As a brand, Twitter is dead. Elon Musk made sure of that, replacing the Twitter name with X and the bird logo with… an X. This is all part of his master plan of turning Twitter into the “everything app,” the equivalent of WeChat in China. Twitter’s acting CEO Linda Yaccarino recently confirmed that’s what Twitter is going for while she tried to explain the unnecessary rebrand to X.
But I, as a longtime smartphone user, do not want an everything app. That sounds like a nightmare, actually. It’ll be a messaging app crowded with features I might never use. It’s not just the thought of having to deal with all the clutter in Twitter/X that scares me. I also don’t trust that Elon Musk will properly execute this bold pivot.
What is WeChat?
WeChat isn’t only a messaging platform in China. You can also use the app for mobile payments, games, and more. And you can install mini-apps inside WeChat that essentially turn the app into a portal of online stores. Apple just launched a new app for WeChat. But all of that only works in a particular type of market, China, which isn’t exactly a democracy where competition thrives.
That’s also why WeChat’s more-than-1 billion users are mostly based in China. Over in the Western world, there’s no equivalent to WeChat because nobody really wants a solution like this. No companies have even really tried to do it. Or if they did, they failed.
Strong security and privacy protections
Unlike China, many top messaging apps in other markets are typically end-to-end encrypted, which is really the first feature you’d want to have. iMessage, WhatsApp, and Signal are a few examples. That strong encryption can protect personal data, shared content, and money transfers.
Twitter/X doesn’t support end-to-end encrypted chats, by the way.
Since they’re encrypted, these apps can’t collect the same amount of data for personalized apps as non-encrypted ones. Also, encryption would make it more difficult to collect usage data for, say, a mini-store operating within an “everything app.”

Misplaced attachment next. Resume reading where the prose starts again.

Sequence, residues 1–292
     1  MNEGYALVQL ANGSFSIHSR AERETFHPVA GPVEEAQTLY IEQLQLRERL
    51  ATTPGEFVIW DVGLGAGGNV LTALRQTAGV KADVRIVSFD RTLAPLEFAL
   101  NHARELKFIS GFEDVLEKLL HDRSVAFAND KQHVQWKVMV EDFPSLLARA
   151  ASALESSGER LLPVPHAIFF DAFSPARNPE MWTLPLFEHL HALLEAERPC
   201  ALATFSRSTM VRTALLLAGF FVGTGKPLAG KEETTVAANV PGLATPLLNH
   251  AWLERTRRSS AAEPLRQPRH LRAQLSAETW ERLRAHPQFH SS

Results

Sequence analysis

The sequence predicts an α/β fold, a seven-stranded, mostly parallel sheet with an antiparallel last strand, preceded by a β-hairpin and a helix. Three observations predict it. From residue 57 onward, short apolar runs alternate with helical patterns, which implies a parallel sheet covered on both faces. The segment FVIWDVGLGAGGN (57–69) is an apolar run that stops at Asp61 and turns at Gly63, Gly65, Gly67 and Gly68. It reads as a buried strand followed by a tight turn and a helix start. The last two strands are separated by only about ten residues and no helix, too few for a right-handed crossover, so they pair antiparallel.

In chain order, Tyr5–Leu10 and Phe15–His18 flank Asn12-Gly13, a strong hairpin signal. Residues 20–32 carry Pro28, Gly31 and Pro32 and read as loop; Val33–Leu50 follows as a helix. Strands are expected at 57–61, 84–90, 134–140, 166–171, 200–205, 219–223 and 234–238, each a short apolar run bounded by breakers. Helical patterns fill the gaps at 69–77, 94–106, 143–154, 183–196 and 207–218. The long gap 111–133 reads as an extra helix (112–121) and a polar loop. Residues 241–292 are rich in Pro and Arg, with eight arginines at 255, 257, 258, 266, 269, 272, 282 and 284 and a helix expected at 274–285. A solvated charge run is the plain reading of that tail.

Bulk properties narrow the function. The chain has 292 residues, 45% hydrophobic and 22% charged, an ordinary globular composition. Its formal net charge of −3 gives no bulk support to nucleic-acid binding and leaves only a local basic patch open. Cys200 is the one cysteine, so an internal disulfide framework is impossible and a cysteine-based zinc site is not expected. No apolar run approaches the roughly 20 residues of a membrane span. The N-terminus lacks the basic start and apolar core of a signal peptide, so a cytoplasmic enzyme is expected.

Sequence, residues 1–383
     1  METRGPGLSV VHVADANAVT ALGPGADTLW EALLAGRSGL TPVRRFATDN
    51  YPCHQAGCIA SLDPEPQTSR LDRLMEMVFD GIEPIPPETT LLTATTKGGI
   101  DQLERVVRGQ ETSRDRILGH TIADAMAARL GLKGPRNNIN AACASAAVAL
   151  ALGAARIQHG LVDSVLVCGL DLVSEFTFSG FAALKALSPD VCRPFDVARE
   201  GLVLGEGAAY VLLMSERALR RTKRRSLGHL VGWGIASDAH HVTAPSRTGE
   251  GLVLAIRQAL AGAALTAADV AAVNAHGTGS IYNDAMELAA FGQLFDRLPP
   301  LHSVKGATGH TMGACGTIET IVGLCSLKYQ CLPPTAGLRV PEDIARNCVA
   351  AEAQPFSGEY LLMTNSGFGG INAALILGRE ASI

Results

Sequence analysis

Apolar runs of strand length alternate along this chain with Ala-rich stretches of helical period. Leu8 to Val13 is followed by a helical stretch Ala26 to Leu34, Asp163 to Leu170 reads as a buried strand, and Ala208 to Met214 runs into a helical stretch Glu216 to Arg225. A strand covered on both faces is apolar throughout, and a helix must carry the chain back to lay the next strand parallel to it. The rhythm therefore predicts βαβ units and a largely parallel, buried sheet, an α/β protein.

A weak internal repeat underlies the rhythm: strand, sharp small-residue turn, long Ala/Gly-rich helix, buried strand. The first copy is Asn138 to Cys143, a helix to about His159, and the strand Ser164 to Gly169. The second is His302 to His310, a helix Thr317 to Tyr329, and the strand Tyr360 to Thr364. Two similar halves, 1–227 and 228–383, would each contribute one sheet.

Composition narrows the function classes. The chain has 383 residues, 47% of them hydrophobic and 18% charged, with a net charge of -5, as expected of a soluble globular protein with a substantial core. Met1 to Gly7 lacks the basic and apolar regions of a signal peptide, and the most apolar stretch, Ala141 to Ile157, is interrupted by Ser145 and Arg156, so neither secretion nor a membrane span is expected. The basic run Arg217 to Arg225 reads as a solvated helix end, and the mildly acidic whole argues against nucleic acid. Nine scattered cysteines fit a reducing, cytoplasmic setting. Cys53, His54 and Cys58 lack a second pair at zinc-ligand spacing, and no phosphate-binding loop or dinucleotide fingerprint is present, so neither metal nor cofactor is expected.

But if someone had created a WeChat alternative before Twitter/X, I wouldn’t have wanted to use it. I like my iPhone apps to be as clutter-free as possible. I like focused experiences and clean interfaces. iMessage’s redesign in iOS 17 is one of the most exciting things about the app. I always hated the overcrowded menu at the bottom and all those virtual buttons that I never tap.
I want different apps, not an “everything app”
I want a different app to cater to each of my needs.
I want dedicated shopping apps that can make the most of the iPhone (or Android), rather than having to run in a mini-app version inside a chat app. The idea is to tap an ad for a product you want on Instagram or Facebook, and then have the shopping experience through that ad. I hate everything about it. I usually load up that website in a browser or look for the appropriate app.
Remember Apple’s “there’s an app for that” mantra. That’s what I want from my overall mobile experience. An app that will handle specific tasks.
If there’s one company that might have succeeded at delivering a WeChat alternative for the Western world, that’s Facebook (now Meta). And they didn’t, or couldn’t pull it off.
I absolutely don’t see how Twitter/X can become the WeChat of the Western world. No matter how much hype Musk produces. And I don’t trust him to succeed, either.
It’s not about Twitter not supporting end-to-end encryption for chats, a problem the social network had before the Musk era. It’s giving that much power to a single individual over such a massive ecosystem.
I don’t trust Musk’s Twitter/X
Remember how Musk banned journalists from Twitter despite advocating free speech for the platform? Imagine the same thing but on a much broader scale. Imagine Musk banning stores or apps he doesn’t like. Again, there’s a reason WeChat works, and that’s China.
Yes, you can compare Musk’s control over Twitter/X with Apple’s control over the iPhone experience. But Apple hasn’t yet given me reasons not to trust it. Meanwhile, Musk seems to give me new reasons every day.
There’s also the problem of competency. Since taking Twitter over, Musk has fired lots of talent, in the most brutal possible ways. You can’t build the “everything app” yourself, or you would have done it by now. And I wouldn’t want to worry about the overall experience of the everything app, or the security of the increasing amount of data I’d be sharing in it.
Obviously, I could be wrong. We might be witnessing the rise of a true WeChat competitor. The app could threaten everything else on the market, and do it while delivering incredible must-have chat features, entertainment, and shopping experiences. I might have to use it if everyone around me relies on it. Time will tell.
I’ll also point out that both Meta and Microsoft own “X” trademarks. That’s another potentially big complication for Musk’s everything app.